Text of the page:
figuring out seneca

13HUGHES-master495-v2Bettany Hughes at The New York Times:

The name Seneca brings a particular image to mind: a gaunt, half-naked old man, glaring wildly, his veins open, his lifeblood seeping into the small bath beneath him after he was forced to commit suicide. Painted by Rubens, memorialized by Dante in his first circle of hell, gilded into medieval manuscripts alongside Plato and Aristotle, Seneca has come to represent the perils of proximity to absolute power. The central question of James Romm’s “Dying Every Day” is this: When we confront this tragic Roman wordsmith, tutor to the emperor Nero (and, some argue, the power behind that terrible throne), who stares back at us? Is it a tyrannodidaskalos, a tyrant-teacher? Is he the ultimate exemplar of Stoicism, a would-be philosopher king? Or is Seneca simply an accretion of history, a phantom constructed to fit our ravening for heroes, for antiheroes and for the sensational in the stories of antiquity?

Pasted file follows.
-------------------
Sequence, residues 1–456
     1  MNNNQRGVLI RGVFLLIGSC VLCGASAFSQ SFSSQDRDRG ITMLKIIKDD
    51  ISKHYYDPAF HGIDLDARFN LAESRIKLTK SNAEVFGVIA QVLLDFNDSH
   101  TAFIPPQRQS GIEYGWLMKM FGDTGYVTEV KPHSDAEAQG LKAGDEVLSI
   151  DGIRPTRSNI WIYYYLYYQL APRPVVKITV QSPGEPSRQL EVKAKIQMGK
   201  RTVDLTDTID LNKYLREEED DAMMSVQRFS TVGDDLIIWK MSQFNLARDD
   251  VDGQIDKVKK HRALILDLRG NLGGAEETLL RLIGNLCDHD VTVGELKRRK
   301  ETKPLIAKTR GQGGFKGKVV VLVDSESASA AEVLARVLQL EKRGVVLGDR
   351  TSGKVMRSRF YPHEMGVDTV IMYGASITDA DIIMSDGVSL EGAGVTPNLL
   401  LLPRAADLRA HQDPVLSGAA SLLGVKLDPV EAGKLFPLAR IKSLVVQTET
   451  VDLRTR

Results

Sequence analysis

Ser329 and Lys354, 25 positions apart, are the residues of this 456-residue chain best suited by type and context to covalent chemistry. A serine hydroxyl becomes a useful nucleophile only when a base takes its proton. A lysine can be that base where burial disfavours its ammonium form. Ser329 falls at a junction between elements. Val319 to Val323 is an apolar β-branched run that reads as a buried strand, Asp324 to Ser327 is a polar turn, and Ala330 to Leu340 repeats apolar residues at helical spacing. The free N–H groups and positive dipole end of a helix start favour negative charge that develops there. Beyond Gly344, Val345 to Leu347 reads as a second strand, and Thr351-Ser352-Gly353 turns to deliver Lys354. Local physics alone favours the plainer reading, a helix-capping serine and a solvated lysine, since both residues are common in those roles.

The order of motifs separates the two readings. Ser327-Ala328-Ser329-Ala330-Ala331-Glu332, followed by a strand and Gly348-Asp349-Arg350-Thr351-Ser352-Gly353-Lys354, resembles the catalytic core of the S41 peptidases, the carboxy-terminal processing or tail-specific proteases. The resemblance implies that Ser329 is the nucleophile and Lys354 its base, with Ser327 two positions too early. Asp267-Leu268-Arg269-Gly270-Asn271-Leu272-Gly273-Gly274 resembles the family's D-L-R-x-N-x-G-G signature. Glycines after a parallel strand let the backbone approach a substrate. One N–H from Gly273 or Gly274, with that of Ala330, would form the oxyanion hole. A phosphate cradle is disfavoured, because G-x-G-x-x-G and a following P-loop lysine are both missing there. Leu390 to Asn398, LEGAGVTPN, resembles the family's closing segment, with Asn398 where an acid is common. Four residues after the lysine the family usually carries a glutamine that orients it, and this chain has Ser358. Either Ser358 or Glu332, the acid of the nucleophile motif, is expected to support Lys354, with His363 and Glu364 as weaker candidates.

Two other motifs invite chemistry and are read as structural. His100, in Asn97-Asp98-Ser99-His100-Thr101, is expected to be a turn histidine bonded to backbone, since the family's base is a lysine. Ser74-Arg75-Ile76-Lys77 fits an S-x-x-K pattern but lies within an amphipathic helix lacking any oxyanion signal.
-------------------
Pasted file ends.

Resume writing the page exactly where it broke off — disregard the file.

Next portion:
Teasing out these conundrums, Romm, the James H. Ottaway Jr. professor of classics at Bard College, gives us a fresh and empathetic exploration of a man who, tantalizingly, seems destined to stay just out of reach.

more here.